There is no shortage of merchandise in China devoted to the former president of the United States, Donald J. Trump. There are commemorative coins, toilet brushes and cat toys; countless figurines, including updated versions of Mount Rushmore, plus all those flags, bumper stickers and hats from campaigns past and future. (Does anyone still believe all that “Make America Great Again” stuff was really made in America?).
Enter the Trump Buddha.
A furniture maker and decorator in southern China has cast a sculpture of Mr. Trump in ceramic whiteware, his legs crossed and hands serenely resting in his lap. He is draped in a monk’s robes, his head is lowered and his eyes are closed, as if in meditative repose, an emotional state not typically associated with the 45th president of the United States.
He calls it “Trump, the Buddha of Knowing of the Western Paradise.”
“He has been already very successful, but now he is still tormenting himself, being obsessed, having a lot of ideas and doubts,” its creator, Hong Jinshi, said when asked about his inspiration.
Mr. Hong’s sculpture reflects an abiding cultural fascination with Mr. Trump in China that began with his election. Many admired his brash style, his family’s business ties to China and even his early courtship of China’s leader, Xi Jinping, whom he called “an incredible guy.”
Admiration for Mr. Trump in China arguably peaked during his visit to Beijing in 2017. Since then, his image has soured along with relations with the United States. The fraying of those ties were exacerbated by a bitter trade war, the coronavirus pandemic and a re-election campaign in which Mr. Trump used China as a cudgel to attack the ultimate winner, President Biden.
Mr. Hong, 43, lives and works in an old cement factory turned workshop and gallery, in the coastal city of Xiamen. He conceived the work last year, but only recently completed the first few sculptures. He put those up for sale on the online vendor Taobao, offering two sizes, one at just taller than 6 inches and another at 18 inches. He is asking the equivalent of $153 and $615.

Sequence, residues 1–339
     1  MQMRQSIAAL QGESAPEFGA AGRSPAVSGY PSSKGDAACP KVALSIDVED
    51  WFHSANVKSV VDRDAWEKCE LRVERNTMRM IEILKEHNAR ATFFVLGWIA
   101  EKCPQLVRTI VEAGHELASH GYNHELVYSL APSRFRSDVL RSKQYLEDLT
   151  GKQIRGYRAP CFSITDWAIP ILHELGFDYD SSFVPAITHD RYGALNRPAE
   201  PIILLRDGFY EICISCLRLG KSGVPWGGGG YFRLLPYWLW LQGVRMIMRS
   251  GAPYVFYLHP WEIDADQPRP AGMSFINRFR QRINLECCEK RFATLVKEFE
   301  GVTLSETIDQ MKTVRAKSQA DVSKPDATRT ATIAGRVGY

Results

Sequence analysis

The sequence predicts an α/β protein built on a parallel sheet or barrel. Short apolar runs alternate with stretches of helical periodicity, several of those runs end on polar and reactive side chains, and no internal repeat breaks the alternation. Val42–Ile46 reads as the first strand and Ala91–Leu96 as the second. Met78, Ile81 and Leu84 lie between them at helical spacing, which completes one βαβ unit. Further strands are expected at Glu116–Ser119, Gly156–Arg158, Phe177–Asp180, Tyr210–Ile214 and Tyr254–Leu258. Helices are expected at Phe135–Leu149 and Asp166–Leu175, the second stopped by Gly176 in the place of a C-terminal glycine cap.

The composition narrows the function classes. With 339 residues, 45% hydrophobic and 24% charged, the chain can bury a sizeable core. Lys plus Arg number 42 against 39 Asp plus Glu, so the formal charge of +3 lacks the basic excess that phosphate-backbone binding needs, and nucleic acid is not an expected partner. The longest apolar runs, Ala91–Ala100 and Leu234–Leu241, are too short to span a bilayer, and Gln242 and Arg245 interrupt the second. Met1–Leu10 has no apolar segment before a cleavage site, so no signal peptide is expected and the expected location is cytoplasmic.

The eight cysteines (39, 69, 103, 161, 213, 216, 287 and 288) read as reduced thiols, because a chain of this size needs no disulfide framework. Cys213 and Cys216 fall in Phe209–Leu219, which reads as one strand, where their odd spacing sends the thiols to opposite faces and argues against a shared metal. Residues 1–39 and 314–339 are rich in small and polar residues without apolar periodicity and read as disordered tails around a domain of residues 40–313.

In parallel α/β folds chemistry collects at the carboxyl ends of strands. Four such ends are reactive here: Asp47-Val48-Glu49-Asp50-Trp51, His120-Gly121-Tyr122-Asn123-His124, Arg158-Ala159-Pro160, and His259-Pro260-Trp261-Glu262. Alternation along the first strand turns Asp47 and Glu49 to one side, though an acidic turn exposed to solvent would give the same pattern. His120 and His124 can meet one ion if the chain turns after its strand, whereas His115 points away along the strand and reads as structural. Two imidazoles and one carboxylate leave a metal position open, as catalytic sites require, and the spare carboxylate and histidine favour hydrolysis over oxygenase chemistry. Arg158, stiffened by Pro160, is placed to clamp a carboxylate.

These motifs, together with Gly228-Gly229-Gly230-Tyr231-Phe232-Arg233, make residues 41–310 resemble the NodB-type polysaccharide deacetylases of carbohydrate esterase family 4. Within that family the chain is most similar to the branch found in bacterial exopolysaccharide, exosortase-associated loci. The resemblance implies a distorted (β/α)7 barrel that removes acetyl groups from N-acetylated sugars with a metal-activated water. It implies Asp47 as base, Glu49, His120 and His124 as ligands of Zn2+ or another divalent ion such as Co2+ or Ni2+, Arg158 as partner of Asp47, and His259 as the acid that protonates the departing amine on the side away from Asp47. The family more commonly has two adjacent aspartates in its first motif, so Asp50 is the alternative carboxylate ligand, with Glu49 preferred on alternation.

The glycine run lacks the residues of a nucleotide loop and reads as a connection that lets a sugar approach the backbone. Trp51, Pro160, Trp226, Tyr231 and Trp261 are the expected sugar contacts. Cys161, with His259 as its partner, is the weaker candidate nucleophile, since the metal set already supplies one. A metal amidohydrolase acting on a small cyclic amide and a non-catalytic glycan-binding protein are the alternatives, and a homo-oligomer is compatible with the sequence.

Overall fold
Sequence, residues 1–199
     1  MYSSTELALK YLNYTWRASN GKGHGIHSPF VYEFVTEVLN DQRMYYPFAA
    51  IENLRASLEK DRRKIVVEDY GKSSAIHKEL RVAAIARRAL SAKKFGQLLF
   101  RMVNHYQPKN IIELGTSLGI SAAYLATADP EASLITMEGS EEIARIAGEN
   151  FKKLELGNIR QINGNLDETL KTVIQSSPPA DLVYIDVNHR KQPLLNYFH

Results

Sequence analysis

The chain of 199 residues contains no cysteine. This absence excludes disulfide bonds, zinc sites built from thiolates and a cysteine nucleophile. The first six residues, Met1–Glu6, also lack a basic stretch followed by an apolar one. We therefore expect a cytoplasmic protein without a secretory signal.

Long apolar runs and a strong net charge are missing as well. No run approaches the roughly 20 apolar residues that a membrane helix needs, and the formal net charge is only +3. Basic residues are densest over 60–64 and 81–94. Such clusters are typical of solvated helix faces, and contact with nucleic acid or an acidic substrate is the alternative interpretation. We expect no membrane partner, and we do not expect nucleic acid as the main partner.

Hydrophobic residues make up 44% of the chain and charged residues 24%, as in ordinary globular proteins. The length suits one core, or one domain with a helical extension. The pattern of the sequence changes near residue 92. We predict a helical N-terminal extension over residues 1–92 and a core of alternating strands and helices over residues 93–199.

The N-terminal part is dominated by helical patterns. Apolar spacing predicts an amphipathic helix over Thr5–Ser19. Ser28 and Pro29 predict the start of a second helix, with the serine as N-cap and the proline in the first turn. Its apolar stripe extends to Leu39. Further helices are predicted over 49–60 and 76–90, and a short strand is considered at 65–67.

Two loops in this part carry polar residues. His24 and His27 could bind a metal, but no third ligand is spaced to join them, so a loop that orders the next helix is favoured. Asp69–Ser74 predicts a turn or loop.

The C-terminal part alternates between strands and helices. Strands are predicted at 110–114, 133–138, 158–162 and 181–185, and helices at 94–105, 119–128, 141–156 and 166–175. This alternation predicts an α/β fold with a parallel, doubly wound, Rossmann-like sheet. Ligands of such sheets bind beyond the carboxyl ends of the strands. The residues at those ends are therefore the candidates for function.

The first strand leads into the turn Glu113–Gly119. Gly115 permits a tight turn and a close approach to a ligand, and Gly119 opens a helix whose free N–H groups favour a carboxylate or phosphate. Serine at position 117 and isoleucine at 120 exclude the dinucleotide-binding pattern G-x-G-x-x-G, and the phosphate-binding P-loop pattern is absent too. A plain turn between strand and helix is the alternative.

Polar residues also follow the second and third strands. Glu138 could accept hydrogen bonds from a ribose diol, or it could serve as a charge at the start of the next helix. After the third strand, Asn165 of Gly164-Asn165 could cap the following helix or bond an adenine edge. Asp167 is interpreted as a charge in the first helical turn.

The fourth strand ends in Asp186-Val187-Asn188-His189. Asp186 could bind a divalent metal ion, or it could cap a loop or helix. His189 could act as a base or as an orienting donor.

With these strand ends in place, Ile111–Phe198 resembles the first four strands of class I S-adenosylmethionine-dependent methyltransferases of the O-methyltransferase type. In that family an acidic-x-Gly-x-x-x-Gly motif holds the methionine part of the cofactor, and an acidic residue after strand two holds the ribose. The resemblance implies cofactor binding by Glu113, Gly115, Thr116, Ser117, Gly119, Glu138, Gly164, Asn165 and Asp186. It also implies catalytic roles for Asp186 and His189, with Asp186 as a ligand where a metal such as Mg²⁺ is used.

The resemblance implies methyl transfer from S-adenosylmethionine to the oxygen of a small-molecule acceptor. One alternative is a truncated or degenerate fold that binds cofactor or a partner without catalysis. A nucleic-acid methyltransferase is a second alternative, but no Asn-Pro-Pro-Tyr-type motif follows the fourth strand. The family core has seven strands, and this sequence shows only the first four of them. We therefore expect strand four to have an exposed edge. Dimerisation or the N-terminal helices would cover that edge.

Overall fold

In the description, he wryly added, “Make your company great again.” And judging from comments online, some potential customers were buying into the pitch, as if adoration of the statue could bring good fortune.
“It may have something to do with my personality,” Mr. Hong said. “I love teasing people and making jokes.”
Mr. Trump “is still having fights with all kinds of this and that every day,” he said of the former president’s penchant for brawling with opponents. “So I think this image is exactly the opposite extreme of him and his personality.”
Mr. Hong’s Taobao listing went viral online, drawing the attention of The Global Times, a state newspaper, and others this week.
He has so far sold about 100 sculptures, but this being China, where intellectual property rights are loosely enforced at best, knockoffs have already been produced, selling on Taobao for a fraction of the cost of his originals. He has complained to Taobao, but the pirates have simply changed photos and updated their listings to keep ahead.
His is not the first Trump sculpture in the news lately. Another, also reportedly made in China, appeared last month at the Conservative Political Action Conference in Florida, along with Mr. Trump himself.
It remains to be seen whether Mr. Trump’s legacy as artistic muse will be as enduring as, say, Mao Zedong’s. It may depend on Mr. Trump’s political future. Trump 2024 merchandise is already available online.
Mr. Hong considers the Trump Buddha a work in progress. He said the wrinkles on Mr. Trump’s lips are too deep, creating an effect incongruous with his vision. He said he has given no thought of creating a sculpture of Mr. Biden, though he is fascinated by another prominent American entrepreneur, Elon Musk.
He has set aside the first of 100 numbered pieces of the larger works for a particular patron. If possible, he said, he would like to give one to Mr. Trump.
“He has been very, very successful, so from a religious point of view, he should just let go at this time,” he said. “He should enjoy his life at this age.”
Claire Fu contributed research